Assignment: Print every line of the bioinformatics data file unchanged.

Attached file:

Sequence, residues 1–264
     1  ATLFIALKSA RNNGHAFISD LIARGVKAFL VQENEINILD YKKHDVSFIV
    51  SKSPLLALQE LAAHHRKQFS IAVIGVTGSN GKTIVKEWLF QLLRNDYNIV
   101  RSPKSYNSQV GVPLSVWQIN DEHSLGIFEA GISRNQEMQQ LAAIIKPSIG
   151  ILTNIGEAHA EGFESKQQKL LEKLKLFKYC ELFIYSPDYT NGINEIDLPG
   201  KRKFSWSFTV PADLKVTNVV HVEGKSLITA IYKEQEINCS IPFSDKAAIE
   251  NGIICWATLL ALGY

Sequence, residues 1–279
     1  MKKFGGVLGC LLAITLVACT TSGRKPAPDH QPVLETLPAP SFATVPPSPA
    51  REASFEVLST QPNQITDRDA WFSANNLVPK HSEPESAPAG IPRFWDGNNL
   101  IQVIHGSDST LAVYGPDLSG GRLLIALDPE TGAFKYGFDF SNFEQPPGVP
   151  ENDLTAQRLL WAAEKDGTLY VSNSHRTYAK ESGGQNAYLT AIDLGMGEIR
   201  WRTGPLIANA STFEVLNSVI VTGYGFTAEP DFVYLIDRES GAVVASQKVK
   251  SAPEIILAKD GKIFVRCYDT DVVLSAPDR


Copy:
Sequence, residues 1–264
     1  ATLFIALKSA RNNGHAFISD LIARGVKAFL VQENEINILD YKKHDVSFIV
    51  SKSPLLALQE LAAHHRKQFS IAVIGVTGSN GKTIVKEWLF QLLRNDYNIV
   101  RSPKSYNSQV GVPLSVWQIN DEHSLGIFEA GISRNQEMQQ LAAIIKPSIG
   151  ILTNIGEAHA EGFESKQQKL LEKLKLFKYC ELFIYSPDYT NGINEIDLPG
   201  KRKFSWSFTV PADLKVTNVV HVEGKSLITA IYKEQEINCS IPFSDKAAIE
   251  NGIICWATLL ALGY

Sequence, residues 1–279
     1  MKKFGGVLGC LLAITLVACT TSGRKPAPDH QPVLETLPAP SFATVPPSPA
    51  REASFEVLST QPNQITDRDA WFSANNLVPK HSEPESAPAG IPRFWDGNNL
   101  IQVIHGSDST LAVYGPDLSG GRLLIALDPE TGAFKYGFDF SNFEQPPGVP
   151  ENDLTAQRLL WAAEKDGTLY VSNSHRTYAK ESGGQNAYLT AIDLGMGEIR
   201  WRTGPLIANA STFEVLNSVI VTGYGFTAEP DFVYLIDRES GAVVASQKVK
   251  SAPEIILAKD GKIFVRCYDT DVVLSAPDR